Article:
That doesn’t mean you can’t have a mixture of content, but understanding what you want to use your blog for, and what kind of readers you want to attract, will help you to find the right tone and words to get across your ideas.

  1. Length and frequency

I don’t usually write super-short posts. People come to my blogs for the text, not the pictures. I’m blind, which means I can’t take my own pictures. I usually get one for each new post, at least on the personal blog – but if you’re looking for a picture between every paragraph, mine isn’t the blog for you. And that’s fine! I don’t like reading posts that are basically a collection of images with a few words between them.

Of course you’ll have more to say about some things than others, but what’s a comfortable length for you? It’s not true that people don’t read long posts any more, but for some people, anything over a couple of hundred words would be boring.

I try to keep to two posts a week on specific days, more to help me stay organised than because I think people are waiting eagerly for my posts on that day. Whether you stick to a blogging timetable or not is up to you, but if you only write once a month, it will be harder to build up momentum and for people to remember you.

I may do Blogmas in December, but I know that for the rest of the time, blogging every day would be too much for me, and I wouldn’t have enough to say, because I don’t want the blog to be too much of a window onto my personal life, which brings us onto the next point!

  1. How personal do you want to get?

I find it easier to write product reviews than personal posts, but it’s often the latter that get more views.

I’m not saying you have to open up about your deepest thoughts and feelings, but it is good if you can bring something personal to a story that brings in your unique perspective. If I’d done a post about eye products, it may not have got much attention. I did one about how I do my make-up as a blind woman, and that has been the most popular post on the blog so far! I want to keep it varied, and I don’t want all the posts to be blindness-related, even though that is something that makes my blog different from a lot of the other beauty and lifestyle blogs out there.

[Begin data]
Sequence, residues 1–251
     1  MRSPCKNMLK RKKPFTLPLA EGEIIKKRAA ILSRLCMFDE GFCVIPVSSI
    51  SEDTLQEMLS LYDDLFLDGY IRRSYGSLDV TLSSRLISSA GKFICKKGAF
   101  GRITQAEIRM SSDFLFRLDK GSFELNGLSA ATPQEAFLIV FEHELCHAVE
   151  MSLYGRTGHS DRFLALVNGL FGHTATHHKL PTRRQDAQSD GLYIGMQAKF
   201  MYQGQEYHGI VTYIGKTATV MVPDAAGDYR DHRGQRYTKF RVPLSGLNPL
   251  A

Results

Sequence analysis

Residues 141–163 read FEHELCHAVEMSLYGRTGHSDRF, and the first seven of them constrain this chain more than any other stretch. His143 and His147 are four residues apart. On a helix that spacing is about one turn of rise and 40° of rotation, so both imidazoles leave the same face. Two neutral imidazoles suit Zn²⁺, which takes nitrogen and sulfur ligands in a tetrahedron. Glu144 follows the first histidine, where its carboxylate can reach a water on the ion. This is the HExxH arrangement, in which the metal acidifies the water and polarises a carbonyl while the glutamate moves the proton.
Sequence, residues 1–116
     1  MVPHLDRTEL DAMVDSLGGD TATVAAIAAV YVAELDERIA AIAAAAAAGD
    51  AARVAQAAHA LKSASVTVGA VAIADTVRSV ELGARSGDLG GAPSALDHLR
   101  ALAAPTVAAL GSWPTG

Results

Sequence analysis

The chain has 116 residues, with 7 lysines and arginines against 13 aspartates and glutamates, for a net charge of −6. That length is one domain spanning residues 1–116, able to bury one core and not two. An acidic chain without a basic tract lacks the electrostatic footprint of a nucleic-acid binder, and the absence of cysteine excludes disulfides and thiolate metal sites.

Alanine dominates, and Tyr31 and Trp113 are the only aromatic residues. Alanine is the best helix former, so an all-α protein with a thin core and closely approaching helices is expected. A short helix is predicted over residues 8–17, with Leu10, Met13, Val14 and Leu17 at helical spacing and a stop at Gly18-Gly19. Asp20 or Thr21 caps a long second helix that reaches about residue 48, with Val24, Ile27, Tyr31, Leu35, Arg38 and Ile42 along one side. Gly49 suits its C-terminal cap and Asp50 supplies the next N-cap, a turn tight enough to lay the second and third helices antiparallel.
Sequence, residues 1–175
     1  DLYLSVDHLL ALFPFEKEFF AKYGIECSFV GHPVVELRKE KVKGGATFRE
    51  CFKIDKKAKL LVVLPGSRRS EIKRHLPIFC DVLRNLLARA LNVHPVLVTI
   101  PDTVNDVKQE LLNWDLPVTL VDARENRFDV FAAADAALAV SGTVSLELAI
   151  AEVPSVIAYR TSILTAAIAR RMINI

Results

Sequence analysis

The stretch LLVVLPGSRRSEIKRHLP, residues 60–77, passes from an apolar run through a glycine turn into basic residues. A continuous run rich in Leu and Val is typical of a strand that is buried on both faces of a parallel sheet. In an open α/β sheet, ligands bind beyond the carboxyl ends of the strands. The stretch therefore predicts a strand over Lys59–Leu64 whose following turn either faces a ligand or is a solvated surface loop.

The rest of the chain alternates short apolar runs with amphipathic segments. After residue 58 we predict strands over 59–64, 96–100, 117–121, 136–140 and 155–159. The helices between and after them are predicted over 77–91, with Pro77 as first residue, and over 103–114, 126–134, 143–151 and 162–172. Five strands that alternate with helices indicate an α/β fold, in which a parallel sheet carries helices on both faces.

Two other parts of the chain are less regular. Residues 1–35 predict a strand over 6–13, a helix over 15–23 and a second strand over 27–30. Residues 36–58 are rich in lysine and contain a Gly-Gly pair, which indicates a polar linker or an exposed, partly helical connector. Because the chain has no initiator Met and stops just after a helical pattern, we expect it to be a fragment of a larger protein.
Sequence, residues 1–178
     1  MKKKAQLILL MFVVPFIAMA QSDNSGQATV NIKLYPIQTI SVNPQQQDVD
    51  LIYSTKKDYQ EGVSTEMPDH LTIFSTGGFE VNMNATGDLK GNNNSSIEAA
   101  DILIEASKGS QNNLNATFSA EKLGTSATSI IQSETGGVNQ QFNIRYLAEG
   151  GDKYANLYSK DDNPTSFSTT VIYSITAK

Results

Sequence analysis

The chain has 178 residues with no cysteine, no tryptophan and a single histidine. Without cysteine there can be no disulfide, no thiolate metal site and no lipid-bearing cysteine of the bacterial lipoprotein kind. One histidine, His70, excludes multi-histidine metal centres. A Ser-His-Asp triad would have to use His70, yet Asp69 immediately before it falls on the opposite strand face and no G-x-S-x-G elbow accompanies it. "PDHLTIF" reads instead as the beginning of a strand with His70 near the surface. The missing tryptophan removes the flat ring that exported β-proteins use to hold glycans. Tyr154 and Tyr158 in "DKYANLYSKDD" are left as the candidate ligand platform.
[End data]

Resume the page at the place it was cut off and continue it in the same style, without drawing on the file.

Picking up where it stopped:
You have your own set of experiences, whether that’s as a parent, a college student, or someone who knows about something that most other people don’t know! Use that to your advantage so you can find a slightly different angle on a post that might otherwise not stand out.

  1. Are there any areas that you want to avoid?

On my business blog, I generally avoid politics and religion. On my personal blog, I may well write something political if I feel strongly enough about it. My language is sometimes colourful in real life, but I don’t generally swear on the blog. I talk about my family occasionally and often make reference to my partner, but he doesn’t want to be in the limelight on the blog, so I don’t go into a lot of detail about our home life.

How do you feel about things like politics, religion, explicit content, swearing, personal details about your past, your children or family? I don’t think there are right or wrong answers, just the answer that feels right for you.

  1. What happens when you read your words aloud?

How does it sound? Does it flow well, and does it sound like the person that you want people to think of when they think of you?

  1. And finally….

What’s the one thing you want your blog to be known for

You could maybe ask some friends or readers what words they would use to describe your blog. I did a post on my 10 favourite Youtubers and one of them said she was happy because the way I’d described her channel was exactly what she was going for. I wrote something about chatty videos  and feeling like you were just joining a friend for coffee and chat about her latest beauty finds.

So, what would you want people to say if they were to tell a friend about your blog?